Students are introduced to cultural competency and begin the task of enhancing their cultural capabilities, namely the ability to work effectively with individuals from a variety of different racial, ethnic, cultural, religious, and socioeconomic backgrounds. This recognises that the development of cultural competence is a continuous process, not a single event. It includes knowledge, behavior and attitudes; the skill in expressing cultural understanding effectively in intercultural contexts and understanding that cultural capabilities extend beyond individual professional behaviors to include organizations and systems. The policy imperative for cultural competence and increased capability is traced through international, federal, state and local institutions and legislation. Examples of practice embedded in local governance, including Local Aboriginal Land Councils (ALCs) and Aboriginal Community-Controlled Organisations, are profiled.

Module 2: Our History Matters

This provides students with an overview of the history of Indigenous Australians and Aboriginal-European relations beyond everyday understandings. Commencing with an account of why ‘Welcome to Country’ is important, an overview of the diversity of the geographical, spiritual and economic organisation of Aboriginal people in NSW prior to 1788 is presented. The importance of age, gender, kin and country as demarcations of identity and communal responsibilities are also emphasized. The module then traces the history of Aboriginal-European relations through first contact, the frontier wars and massacres, the ‘protect and assimilate’ policies of the Aboriginal Protection Board commencing in 1833, the legal contestation surrounding who was and is an Aboriginal person, the era of missions and reserves and the reconciliation movement, including key determinations of the High Court of Australia and ensuing policy. Module 2 concludes by examining the campaign for Constitutional Recognition, the Uluru Statement from the Heart (‘Voice Treaty Truth’).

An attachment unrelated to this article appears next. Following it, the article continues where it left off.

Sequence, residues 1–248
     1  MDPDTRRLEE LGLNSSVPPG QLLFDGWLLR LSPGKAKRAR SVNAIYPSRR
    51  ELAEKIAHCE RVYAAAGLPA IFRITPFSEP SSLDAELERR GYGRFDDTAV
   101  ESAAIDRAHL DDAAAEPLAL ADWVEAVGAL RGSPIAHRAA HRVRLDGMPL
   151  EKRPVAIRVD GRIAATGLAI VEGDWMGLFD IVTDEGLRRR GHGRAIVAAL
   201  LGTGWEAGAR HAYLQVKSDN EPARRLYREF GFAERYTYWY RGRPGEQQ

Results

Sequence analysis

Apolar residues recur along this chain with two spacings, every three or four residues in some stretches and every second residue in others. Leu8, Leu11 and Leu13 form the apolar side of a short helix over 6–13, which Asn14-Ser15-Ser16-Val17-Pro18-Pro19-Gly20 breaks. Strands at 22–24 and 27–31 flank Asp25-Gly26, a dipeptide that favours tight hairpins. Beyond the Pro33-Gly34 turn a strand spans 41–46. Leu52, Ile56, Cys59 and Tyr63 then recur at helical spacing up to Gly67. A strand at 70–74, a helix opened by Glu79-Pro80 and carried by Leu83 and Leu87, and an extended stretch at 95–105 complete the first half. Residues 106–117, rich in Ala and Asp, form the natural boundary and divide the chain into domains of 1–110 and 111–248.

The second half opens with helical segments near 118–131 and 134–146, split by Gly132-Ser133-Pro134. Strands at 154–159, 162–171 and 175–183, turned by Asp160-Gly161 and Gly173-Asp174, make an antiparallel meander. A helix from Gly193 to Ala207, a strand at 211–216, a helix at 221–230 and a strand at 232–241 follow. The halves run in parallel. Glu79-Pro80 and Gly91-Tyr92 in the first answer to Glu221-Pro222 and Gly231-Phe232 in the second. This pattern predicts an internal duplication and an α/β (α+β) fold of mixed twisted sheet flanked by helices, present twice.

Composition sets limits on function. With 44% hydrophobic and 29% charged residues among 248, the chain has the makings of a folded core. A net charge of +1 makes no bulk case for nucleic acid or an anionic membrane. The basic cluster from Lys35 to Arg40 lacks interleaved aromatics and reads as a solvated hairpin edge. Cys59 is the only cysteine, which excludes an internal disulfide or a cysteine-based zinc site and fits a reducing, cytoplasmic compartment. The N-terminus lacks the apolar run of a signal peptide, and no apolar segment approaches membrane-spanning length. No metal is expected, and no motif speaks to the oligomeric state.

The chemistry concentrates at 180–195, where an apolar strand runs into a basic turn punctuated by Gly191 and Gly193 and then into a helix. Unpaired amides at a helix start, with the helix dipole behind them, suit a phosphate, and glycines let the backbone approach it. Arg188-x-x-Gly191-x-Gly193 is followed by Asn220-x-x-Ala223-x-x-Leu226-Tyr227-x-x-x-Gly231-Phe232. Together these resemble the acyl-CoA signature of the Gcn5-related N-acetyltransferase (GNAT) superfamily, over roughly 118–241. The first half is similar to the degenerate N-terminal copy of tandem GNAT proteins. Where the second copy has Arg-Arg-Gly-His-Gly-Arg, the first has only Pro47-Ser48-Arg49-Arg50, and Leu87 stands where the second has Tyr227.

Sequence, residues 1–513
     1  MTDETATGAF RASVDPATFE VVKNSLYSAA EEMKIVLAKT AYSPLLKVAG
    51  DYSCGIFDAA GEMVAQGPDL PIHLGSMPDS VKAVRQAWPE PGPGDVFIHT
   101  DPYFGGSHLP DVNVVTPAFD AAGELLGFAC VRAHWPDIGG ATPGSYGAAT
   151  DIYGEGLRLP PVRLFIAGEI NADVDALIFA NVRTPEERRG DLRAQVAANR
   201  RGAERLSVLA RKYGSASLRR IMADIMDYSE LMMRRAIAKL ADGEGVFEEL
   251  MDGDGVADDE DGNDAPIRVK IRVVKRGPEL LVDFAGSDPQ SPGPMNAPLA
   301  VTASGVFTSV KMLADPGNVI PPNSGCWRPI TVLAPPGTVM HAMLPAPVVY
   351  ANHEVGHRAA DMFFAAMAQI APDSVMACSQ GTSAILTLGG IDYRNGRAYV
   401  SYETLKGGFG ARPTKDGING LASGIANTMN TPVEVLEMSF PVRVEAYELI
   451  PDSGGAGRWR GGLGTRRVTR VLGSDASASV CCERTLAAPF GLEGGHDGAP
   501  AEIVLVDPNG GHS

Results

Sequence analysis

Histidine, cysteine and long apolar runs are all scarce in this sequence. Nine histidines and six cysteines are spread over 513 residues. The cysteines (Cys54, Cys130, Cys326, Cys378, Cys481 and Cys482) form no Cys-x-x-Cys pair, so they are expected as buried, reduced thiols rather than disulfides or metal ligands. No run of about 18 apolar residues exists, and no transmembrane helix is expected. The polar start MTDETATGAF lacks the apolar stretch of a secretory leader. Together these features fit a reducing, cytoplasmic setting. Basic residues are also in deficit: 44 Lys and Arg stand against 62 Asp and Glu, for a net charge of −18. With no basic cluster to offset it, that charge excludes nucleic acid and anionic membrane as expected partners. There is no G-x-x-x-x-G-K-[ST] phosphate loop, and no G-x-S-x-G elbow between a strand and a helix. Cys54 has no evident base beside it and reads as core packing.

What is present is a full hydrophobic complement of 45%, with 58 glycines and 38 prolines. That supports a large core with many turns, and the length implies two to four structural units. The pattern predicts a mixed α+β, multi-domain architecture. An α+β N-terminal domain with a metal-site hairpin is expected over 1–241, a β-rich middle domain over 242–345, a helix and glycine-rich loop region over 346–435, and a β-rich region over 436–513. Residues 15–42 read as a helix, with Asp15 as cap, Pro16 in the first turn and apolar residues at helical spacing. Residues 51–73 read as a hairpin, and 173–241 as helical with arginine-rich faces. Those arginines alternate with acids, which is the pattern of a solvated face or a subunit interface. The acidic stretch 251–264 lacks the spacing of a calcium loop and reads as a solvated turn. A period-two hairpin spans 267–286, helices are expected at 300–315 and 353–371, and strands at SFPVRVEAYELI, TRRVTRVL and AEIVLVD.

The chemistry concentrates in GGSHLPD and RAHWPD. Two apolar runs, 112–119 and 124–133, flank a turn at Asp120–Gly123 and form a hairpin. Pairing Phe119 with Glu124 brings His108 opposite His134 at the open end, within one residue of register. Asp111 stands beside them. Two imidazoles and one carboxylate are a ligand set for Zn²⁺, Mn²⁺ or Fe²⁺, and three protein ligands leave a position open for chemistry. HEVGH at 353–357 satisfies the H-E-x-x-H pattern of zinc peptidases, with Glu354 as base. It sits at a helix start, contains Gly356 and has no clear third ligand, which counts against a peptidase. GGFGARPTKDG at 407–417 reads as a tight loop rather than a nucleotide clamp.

Module 3: Culture Matters

Module 3 educates students about the major cultural observances in Australia, and in more detail in NSW, especially the role that local government plays in these. The importance of these cultural observances is underscored. They include: Survival Day (YABURN); National Sorry Day; Reconciliation Week and NAIDOC Week. Cultural leadership is explored and exemplars provided and it is contrasted with dominant, trait-based leadership thinking. Examples of cultural heritage practice at the local level are profiled and through this, concepts of nationhood and Aboriginality are problematized. The practice of dual naming is explained. Place-specific cultural observances are also utilised as case studies to demonstrate the specificity of cultural observances, providing a greater appreciation of diversity in Aboriginal practice.

Module 4: Service Mapping and Delivery

Historical and structural disadvantage has resulted in Aboriginal people experiencing individual disadvantage across a range of indicators, as evidenced in life expectancy, education, aged care and disability. This disadvantage is mapped and the requirements for service delivery are set out. The roles of local Aboriginal Controlled Organisations in addressing these needs is detailed. Module 4 also pays particular attention to the requirements for justice reinvestment across both detainment and imprisonment. It is also recognised that local service delivery have important arts and culture components. As such, Aboriginal Keeping Places and the rejuvenation of Aboriginal language as an element of empowerment and self-determination are elucidated.

Through the combination of understandings provided in these four modules, inclusive of presentations from a range of guest speakers/facilitators (both face-to-face and in video format) and peer-to-peer learning, students are positioned to inform local government practice to be more inclusive of, and be rewarded by, a greater understanding of Indigenous local governance.

Assessment

Assessment task 1: Online/in class post/presentation

Type: Presentation
Weight: 20%
Criteria: